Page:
Cars 9 and 44 retire to the infield and watch car 36 win the heat with 71 taking a second.

In between the Heats Michael Pickens is pushed out to test his engine before the main event. His crew have been experiencing difficulty with it all night and despite their efforts, they are eventually defeated and Pickens doesn’t run in the Midget Feature.

After the production saloons race the track is prepared for the night main event, the Midget 40 Lapper.

A tough battle of endurance for both the driver and the car with tyre management being a major factor on who brings home the win.

While the Midgets circle the field like angry hornets around their hive, Daniel Thomas in car 31 is getting last minute car repairs done on track.

Eventually, he gets cleared and the race gets underway.


With a field of 18 cars, it’s difficult to keep track of every group’s mini battles as their fight their way through 40 laps however there are a couple notable events.


Chris McCutcheon, hot from his feature win at Western Springs Speedway last weekend, takes an early lead with Zac Dahm and Daniel Thomas following.

Before the first corner is done Thomas suffers mechanical failure and has to retire to the infield in a disappointing end to his night.

McCutcheon maintains the lead with Dahm sticking close to his heels for most of the race.

A restart is called after a couple cars scuffle and McCutcheon flies off the pole to maintain his lead. 

Car 69 looses control on the far corner and ends up scrapping the concrete barrier with his roof resulting in a massive flurry of sparks.

The resulting restart has McCutcheon out on pole again and is showing all signs of having another feature win under his belt until a minor collision with Dahm forces him into the infield early.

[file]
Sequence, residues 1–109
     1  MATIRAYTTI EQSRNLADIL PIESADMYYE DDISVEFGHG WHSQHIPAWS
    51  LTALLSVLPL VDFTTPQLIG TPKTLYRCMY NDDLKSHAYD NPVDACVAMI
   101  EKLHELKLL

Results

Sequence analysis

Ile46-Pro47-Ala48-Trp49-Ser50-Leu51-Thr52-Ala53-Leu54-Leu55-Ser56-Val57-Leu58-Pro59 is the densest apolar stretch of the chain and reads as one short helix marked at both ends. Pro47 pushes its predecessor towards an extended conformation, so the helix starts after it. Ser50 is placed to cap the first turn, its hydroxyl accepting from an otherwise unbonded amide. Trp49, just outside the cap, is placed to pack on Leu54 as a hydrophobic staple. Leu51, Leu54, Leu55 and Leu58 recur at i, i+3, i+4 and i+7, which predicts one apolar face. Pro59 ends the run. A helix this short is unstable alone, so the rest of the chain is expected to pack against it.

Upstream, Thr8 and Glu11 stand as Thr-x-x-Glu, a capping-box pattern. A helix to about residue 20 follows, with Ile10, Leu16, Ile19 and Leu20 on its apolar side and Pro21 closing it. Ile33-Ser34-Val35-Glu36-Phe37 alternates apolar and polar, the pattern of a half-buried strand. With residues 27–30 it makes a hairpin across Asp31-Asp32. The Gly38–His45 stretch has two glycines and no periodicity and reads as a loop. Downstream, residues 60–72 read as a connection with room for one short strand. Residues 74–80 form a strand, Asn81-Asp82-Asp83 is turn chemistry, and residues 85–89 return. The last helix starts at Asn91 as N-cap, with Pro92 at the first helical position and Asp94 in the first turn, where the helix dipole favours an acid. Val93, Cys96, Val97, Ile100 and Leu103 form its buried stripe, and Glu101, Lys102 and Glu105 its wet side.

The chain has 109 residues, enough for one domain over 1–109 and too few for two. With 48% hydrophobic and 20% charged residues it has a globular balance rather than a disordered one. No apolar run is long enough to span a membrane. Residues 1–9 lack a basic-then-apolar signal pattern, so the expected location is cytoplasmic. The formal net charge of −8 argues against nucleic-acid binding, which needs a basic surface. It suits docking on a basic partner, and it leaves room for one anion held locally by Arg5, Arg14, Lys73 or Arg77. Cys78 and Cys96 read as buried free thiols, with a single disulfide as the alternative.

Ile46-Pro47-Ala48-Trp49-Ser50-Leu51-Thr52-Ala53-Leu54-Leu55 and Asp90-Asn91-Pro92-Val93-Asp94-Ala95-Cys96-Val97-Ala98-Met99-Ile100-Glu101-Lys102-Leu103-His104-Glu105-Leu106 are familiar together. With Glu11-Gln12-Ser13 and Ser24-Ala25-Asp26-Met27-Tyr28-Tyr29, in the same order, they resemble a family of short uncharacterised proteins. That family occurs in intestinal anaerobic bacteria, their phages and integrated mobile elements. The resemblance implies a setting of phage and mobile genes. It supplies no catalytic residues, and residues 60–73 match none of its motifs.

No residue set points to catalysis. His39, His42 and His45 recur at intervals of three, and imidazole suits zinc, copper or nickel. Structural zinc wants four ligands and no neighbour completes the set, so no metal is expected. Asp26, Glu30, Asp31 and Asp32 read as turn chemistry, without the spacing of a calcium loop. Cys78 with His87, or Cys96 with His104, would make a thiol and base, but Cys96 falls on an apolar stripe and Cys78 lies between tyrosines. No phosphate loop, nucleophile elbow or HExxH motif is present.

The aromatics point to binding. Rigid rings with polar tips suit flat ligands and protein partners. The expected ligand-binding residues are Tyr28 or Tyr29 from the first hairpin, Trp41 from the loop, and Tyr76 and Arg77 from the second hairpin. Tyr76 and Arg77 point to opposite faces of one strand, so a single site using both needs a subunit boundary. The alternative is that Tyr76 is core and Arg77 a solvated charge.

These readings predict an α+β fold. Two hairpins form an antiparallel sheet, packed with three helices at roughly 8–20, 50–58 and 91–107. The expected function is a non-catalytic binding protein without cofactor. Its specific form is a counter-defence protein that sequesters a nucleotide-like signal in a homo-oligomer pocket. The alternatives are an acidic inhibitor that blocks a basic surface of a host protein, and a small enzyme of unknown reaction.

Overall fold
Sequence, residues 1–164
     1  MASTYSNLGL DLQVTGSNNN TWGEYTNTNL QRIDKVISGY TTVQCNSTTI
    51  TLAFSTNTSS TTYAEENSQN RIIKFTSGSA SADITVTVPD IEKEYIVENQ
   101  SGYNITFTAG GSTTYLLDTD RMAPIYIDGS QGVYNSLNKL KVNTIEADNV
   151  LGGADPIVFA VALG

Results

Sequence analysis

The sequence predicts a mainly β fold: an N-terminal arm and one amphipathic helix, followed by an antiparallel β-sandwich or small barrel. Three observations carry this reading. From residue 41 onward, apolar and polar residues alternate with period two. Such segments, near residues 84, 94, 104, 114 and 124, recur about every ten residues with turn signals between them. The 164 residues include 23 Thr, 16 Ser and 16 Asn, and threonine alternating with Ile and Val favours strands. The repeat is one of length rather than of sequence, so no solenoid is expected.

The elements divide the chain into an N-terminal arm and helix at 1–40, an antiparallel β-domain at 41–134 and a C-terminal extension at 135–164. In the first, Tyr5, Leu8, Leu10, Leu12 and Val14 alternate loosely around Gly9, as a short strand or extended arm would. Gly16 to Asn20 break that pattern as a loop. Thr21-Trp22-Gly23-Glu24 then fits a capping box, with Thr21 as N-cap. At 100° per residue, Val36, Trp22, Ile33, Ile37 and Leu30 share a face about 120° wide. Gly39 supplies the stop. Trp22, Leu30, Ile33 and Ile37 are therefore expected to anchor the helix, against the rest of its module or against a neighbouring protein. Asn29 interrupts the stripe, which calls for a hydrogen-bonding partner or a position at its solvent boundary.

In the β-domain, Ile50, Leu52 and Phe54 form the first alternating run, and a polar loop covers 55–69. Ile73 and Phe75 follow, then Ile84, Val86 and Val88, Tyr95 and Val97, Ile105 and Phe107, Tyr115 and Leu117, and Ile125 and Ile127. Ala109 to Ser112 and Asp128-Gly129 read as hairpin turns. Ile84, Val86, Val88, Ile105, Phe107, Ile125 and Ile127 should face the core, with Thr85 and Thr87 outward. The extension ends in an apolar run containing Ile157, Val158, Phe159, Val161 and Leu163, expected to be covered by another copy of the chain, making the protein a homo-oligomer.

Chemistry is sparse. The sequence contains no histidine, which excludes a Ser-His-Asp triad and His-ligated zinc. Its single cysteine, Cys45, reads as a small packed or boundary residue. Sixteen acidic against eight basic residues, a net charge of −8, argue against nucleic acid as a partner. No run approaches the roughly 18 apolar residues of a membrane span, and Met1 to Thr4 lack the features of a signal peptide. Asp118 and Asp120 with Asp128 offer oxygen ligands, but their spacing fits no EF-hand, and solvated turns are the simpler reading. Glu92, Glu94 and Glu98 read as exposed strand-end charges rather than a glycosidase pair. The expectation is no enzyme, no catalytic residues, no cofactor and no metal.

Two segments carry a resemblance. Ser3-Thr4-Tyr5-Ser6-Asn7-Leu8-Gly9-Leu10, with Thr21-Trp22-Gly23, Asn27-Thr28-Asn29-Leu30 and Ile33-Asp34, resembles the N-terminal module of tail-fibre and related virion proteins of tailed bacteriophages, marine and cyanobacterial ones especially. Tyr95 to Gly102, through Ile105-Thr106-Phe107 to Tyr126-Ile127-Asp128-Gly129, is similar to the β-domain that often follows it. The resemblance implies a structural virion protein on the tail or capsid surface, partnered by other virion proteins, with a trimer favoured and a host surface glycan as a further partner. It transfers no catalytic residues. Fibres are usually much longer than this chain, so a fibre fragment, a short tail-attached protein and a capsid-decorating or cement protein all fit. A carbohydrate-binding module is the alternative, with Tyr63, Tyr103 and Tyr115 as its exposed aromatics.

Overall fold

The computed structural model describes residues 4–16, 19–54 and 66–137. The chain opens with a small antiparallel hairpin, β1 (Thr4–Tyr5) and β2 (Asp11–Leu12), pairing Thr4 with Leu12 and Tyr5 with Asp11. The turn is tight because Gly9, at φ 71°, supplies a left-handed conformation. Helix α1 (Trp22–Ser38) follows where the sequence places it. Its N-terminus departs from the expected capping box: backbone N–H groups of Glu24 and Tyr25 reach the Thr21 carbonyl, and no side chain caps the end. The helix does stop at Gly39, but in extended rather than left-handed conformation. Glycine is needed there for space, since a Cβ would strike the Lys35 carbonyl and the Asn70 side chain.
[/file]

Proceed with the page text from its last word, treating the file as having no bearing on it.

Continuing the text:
Dahm claims the lead and maintains an easy gap ahead of everyone else for the rest of the race, in one of the resulting laps he manages to set a new lap record as well.

His consistency to stay out in the front pack had paid off as he now had the lead and kept it all the to end, winning the Huntly 40 Lapper Feature with a convincing lead ahead of everyone else.

While the main event was over the nights racing was far from done with the rest of the classes running their features. 

The race’s go smoothly until the TQ feature race.

On the first corner of the opening lap, a massive pileup occurs which promptly halts the race before it managed to begin.

9 cars are taken out in one fell swoop almost halving the field from 19 cars initially starting.

Ryan Barry staring on pole manages to avoid the scuffle and takes the lead for the TQ Feature.


Not even a race restart resulting from car 7 flipping manages to knock him off his form and he continues to maintain the lead.

Ryan Baker (15) follows behind and is giving it his all to avenge his brother Scott who awaits in the infield after being caught up in the pile-up.

Even with emotion fueling his TQ’s engine, it isn’t enough to overtake Barry and ends up coming in second.

Ryan Barry managed to maintain amazing form throughout the whole meeting and in the end, it all paid off with his first feature win this season after collecting a second place in the last meeting at Western Springs Speedway.

With the hour striking 11 the nights meeting was drawn to an end and it was time to make the midnight drive back to the big smoke.

Huntly Speedway gave us a great evenings entertainment with a generous selection of classes run to wow and entertain the spectators.

It’s definitely a track I will be returning to if I ever get the opportunity again, however, next time I go down I’ll be leaving the thermals at home.

Words and Photos: Les B

For more photos from the race and race results check our Facebook page or visit my personal website.

While every care is taken for all names and information to be correct in this article, please check official venue results in case of any human error.



Western Springs Speedway – 25th November 2017

Western Springs Speedway – 25th November 2017

Thank you, Mother

Moody, unpredictable and obeying no laws but her own, Auckland’s version of Mother Nature showed her true colours for the second meeting of the 2017/18 season held at Western Springs Speedway.